||This article may be expanded with text translated from the corresponding article in the Indonesian Wikipedia. (March 2014)|
|Motto: Carya Dharma Praja Mukti|
|• Regent||M.Z.A. Djalal|
|• Total||3,293.34 km2 (1,271.57 sq mi)|
|• Density||712.5/km2 (1,845/sq mi)|
|Time zone||WIB (UTC+7)|
|Area code(s)||+62-331, +62-336|
Jember Regency is a regency (kabupaten) of East Java, Indonesia. The population was 2,346,498 at the 2010 Census. Its administrative capital is the urban area of Jember, which with 332,611 inhabitants in 2010 is the third urban area in East Java province (after Surabaya and Malang) but does not have municipality or city status. Jember is famous for its tobacco farms and traditional food called tape which is made of fermented cassava.
Coordinates: Jember Regency has a total area of 3,293.34 km² (329.333,94 Ha). It shares its borders with the regencies of Lumajang (to the west), Probolinggo, Bondowoso and Situbondo (to the north), and Banyuwangi (to the east). To the south lies the Indian Ocean, where the regency includes the island of Nusa Barong, located just to the south of Java.
The University of Jember is located in the regency.
- - Ajung
- - Ambulu
- - Arjasa
- - Balung
- - Bangsalsari
- - Gumukmas
- - Jelbuk
- - Jenggawah
- - Jombang
- - Kalisat
- - Kencong
- - Ledokombo
- - Mayang
- - Mumbulsari
- - Pakusari
- - Panti
- - Puger
- - Rambipuji
- - Semboro
- - Silo
- - Sukorambi
- - Sukowono
- - Sumberjambe
- - Sumberbaru
- - Tanggul
- - Tempurejo
- - Umbulsari
- - Wuluhan, http://id.wikipedia.org/wiki/Wuluhan,_Jember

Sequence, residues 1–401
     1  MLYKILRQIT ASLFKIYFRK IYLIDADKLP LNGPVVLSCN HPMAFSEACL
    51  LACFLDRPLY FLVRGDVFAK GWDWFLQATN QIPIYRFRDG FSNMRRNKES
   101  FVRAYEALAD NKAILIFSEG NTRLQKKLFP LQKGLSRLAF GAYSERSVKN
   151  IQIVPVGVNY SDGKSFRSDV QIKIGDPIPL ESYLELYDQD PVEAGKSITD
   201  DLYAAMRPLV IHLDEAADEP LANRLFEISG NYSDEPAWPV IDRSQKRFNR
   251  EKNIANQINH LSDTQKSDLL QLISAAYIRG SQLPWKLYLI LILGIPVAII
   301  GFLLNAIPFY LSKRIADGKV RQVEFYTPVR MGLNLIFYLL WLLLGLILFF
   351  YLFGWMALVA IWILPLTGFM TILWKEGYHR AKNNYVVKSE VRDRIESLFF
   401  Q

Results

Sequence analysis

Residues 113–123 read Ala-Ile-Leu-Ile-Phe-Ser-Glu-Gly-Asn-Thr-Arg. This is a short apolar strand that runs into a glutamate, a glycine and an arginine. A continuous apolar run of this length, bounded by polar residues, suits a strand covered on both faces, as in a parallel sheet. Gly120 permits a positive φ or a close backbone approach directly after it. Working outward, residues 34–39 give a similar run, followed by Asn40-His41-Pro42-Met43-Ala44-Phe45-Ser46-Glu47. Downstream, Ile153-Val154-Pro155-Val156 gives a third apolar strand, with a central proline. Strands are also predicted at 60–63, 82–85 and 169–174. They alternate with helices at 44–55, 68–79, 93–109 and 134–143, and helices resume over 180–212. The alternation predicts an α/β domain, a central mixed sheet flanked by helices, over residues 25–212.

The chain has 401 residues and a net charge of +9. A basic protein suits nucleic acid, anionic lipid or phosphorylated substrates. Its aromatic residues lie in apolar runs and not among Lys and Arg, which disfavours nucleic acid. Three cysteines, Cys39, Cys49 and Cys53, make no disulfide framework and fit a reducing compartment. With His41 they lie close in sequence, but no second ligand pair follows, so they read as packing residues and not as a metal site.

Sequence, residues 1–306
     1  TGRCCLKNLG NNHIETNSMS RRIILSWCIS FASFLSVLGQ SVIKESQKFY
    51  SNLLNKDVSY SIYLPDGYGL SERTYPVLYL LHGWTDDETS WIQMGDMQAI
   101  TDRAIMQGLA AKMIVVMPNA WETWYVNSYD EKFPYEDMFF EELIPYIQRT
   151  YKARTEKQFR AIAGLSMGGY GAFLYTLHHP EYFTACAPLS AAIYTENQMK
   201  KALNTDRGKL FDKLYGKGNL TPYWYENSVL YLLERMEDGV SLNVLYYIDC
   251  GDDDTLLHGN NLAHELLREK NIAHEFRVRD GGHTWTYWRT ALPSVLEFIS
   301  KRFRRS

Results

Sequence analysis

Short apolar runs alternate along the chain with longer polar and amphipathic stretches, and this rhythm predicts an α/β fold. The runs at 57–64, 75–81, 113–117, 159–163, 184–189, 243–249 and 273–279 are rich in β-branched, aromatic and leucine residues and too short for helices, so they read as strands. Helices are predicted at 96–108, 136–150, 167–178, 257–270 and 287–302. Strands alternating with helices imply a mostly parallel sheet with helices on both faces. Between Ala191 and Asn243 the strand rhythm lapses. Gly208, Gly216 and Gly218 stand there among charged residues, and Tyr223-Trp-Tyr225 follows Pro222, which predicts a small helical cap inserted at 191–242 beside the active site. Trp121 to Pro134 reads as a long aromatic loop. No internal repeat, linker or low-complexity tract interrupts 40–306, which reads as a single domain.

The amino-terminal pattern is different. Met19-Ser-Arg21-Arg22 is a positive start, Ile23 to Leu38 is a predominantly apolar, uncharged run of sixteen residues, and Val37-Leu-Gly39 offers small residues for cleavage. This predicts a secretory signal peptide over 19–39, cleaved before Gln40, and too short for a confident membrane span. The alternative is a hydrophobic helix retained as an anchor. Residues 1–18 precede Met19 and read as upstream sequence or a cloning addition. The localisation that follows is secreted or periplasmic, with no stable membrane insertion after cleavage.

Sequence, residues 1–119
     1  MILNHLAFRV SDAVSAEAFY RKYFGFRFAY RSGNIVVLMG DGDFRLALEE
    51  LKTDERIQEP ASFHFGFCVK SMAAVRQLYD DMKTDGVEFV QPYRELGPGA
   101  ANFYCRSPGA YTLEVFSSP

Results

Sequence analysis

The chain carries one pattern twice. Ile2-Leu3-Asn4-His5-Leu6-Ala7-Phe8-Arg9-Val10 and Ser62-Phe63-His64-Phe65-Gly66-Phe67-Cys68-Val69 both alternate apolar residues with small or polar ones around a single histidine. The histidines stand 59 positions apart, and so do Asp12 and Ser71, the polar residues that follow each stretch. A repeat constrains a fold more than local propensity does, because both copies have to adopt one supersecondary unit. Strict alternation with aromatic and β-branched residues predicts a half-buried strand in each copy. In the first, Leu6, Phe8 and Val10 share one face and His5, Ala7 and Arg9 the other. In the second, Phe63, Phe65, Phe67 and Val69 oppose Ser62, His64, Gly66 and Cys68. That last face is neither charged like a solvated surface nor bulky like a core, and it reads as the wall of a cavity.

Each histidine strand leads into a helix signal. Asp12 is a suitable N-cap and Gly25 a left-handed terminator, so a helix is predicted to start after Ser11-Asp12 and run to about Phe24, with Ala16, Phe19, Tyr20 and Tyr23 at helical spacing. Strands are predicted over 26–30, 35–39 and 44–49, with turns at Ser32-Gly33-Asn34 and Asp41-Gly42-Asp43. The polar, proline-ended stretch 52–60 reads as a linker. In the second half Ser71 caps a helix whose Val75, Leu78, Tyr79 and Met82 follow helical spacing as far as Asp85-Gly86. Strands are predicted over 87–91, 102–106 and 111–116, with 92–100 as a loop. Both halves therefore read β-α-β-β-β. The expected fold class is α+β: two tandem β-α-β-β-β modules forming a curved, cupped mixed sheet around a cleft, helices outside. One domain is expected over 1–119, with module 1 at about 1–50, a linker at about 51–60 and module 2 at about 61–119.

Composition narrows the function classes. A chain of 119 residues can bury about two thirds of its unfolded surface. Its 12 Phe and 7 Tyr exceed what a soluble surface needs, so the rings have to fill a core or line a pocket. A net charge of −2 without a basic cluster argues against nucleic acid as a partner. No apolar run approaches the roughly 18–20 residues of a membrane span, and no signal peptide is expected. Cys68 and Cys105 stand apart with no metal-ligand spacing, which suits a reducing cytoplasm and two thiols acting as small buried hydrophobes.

and finally three which together constitute the urban area of Jember (with their 2010 Census populations)
There were 2,346,498 people living in Jember Regency (at the 2010 Census). The population density is about 712.5 people/km².
Jember Regency is one heterogeneous area where many ethnic groups are mingled and live together. Most of its population are Javanese and Madurese people, with a small percentage of ethnic Chinese, Balinese, Arabic and Indian.
Most citizens speak the Javanese language or the Madurese language, and sometimes a mixed dialect of both Javanese and Madurese languages. Many citizen speak Indonesian for official and business purposes only, and to communicate with non-Javanese or non-Madurese people.
Every year Jember run Jember Fashion Carnaval. In the tenth carnaval in 2011, there are more than 600 participants walked on street catwalk along Sudirman street (Central Park), Gajah Mada street up to Jember Sport Hall as the world longest 3.6 kilometers catwalk.
- Official website
- Official website: Majalah Gempur (Mengawal Otonomi, Membangun Demokrasi
- Jember travel guide from Wikivoyage
- Witton, Patrick (2003). Indonesia (7th edition). Melbourne: Lonely Planet. pp. 294–295. ISBN 1-74059-154-2.
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